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Revealing her age…

I had a rather crappy week at work.  I was happy that yesterday was my Friday off (we get every other Friday off, a nice benefit, especially after a bad week).   I’m glad I could work on Junebug to take my mind off of things.  Unfortunately, the more I do to Junebug, the more I realize I still have left to do so it didn’t really cheer me up as much as I had hoped.  cry

The more layers I take away, the more imperfections and years of damage I reveal.  This is how I feel when I take off my makeup.   I know that with age comes wisdom and character, blah blah but I’d rather those things be on the inside while I continue to look 25 on the outside!   I was watching the Today Show yesterday, and they were running a segment on how 50 is the new 30.  Well, in Junebug’s case, I don’t think that’s very true. haha   Junebug and I are not the same age, she is 53 and I am 35.  I guess what I’m doing is flipping her number so she’ll look more like 35, or at least I hope so.  Maybe once I’m finished, Junebug will prove that 50 is the new 30!    I may look more like 53 when I’m done with her though! smile emoticon

Yesterday, I continued removing various pieces from Junebug.  First, I removed the benches.  One side of the floor was pretty bowed, and the bench had cracked and was no longer attached to the floor.  I’m not sure why, it doesn’t seem like the floor is rotted.  I think it could be that the floor got warped when the wrong sized leaf spring was on that side, causing the trailer to lean.  The benches were just in pretty poor shape in general and needed a facelift, so it made more sense to remove them and repair before reinstalling.   It was actually really easy to take them out.


This is the spot where the floor is bowed.  You can see that the tile cracked, so I have to be careful since it contains asbestos.


Just so you can see how uneven it is, I put a level on the floor.  The trailer is level, just not this one spot.


Here’s a picture of the underside of the trailer before I had the leaf springs replaced.  You can see that the metal crossbar on the frame is bent upward, causing the floor to crack in that spot.  I am not sure if it’s where the previous owner hit something, or if the bent spot was a result of the wrong leaf spring.  I think maybe it was hit with something or perhaps bent when the original leaf spring broke?  Not sure…  I’m going to consult with the experts on  to see what their opinions are before moving forward.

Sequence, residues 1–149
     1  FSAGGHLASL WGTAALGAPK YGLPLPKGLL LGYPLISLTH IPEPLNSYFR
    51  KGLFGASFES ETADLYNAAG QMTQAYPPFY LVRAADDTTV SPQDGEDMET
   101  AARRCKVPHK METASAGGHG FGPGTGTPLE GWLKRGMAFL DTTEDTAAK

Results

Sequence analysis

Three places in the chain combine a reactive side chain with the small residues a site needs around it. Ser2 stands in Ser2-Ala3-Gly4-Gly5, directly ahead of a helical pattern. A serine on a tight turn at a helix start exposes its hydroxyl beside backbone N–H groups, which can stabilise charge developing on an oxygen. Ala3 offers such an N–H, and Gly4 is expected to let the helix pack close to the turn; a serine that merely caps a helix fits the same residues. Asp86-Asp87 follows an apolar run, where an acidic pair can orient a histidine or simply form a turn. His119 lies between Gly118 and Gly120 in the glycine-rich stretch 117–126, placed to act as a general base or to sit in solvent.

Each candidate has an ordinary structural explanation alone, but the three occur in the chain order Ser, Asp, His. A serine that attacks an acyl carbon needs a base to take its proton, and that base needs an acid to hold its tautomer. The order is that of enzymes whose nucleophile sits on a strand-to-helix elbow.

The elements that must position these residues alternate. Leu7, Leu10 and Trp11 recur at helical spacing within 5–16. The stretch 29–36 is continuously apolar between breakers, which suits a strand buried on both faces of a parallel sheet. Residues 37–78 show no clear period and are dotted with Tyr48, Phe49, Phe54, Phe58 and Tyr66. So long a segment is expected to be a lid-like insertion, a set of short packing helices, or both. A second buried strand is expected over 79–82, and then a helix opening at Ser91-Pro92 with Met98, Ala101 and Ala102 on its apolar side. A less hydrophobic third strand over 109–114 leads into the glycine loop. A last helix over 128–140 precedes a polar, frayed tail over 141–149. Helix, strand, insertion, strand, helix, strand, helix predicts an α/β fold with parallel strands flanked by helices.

After I removed the benches, I removed the shelves in the closet that the previous owner had installed.  He obviously wasn’t a perfectionist like me because they were not installed to my standards. rolleyes  You can see that the wood is a little lighter where they were.  I also removed the door to the closet since it will need to be refinished at some point.


I then removed the shelves above the dinette area.  One of them was a pain to get out, thanks to the twisty nails holding it to the closet.  I didn’t know what twisty nails were until yesterday, and they are not my friends, at least not when I’m trying to get them out.  The second picture below is where I messed up the wood on the closet thanks to those twisty nails.  I hope I can cover it up.


That white spot is where the shelf used to be.  I’m going to replace all of that paneling so at least I won’t have to worry about stripping the paint and shellacking the old wood.


I still need to remove the sink and oven, and maybe the cabinets.  I haven’t decided if I can get away with leaving the cabinets in and still replacing the wood paneling behind them.  I may try that and see what happens.

I then moved on to the outside and removed the rest of the aluminum skin from the rear (that sounds gross but oh well).  There was a lot of wood rot and some damage on one corner, which is what I expected to see.  At some point, someone had run into something and the curb side corner was crunched in.  Luckily the window along the back wall did not appear to have ever leaked.  Those windows tend to leak, so I thought that was a good sign.  The damage was the worst along the edges and bottom of the camper, so I’m hoping it won’t be too difficult to repair.

Here’s a video clip so you can see a bit more of what the pictures above show.

This clip shows the rear of the camper.

A few more pictures of the rear, gross and gross.




This is a testament to the poor craftsmanship of the people who made Shastas back then.  They appear to have poked a hole in the wall from the inside, and then filled it with some sort of wood filler and left it this way.  It was either that or the previous owner did this, I’m not sure.  

Today is Saturday, and it’s supposed to be beautiful outside.   I think I may pull out the sink today if I can get it out (hopefully it won’t be too difficult).  I may also attempt to start shellacking one of my birch panels to see how that will go.  I also really need to organize my garage a bit because it’s getting completely full of various pieces of Junebug, tools, and other random items.  I can’t even get to my washer and dryer!

2 responses »

  1. This is your best post yet. I really enjoyed reading your thoughts on the connection between Junebug’s age and yours. Maybe as you revitalize her, it will have the same effect on you. One more comment– twisty screw– is that a technical term? 😉

  2. Twisty nail, and yes, I believe that’s what they’re actually called! Thanks for the compliment on my post, I hope you’re right that it will revitalize me and not the opposite.


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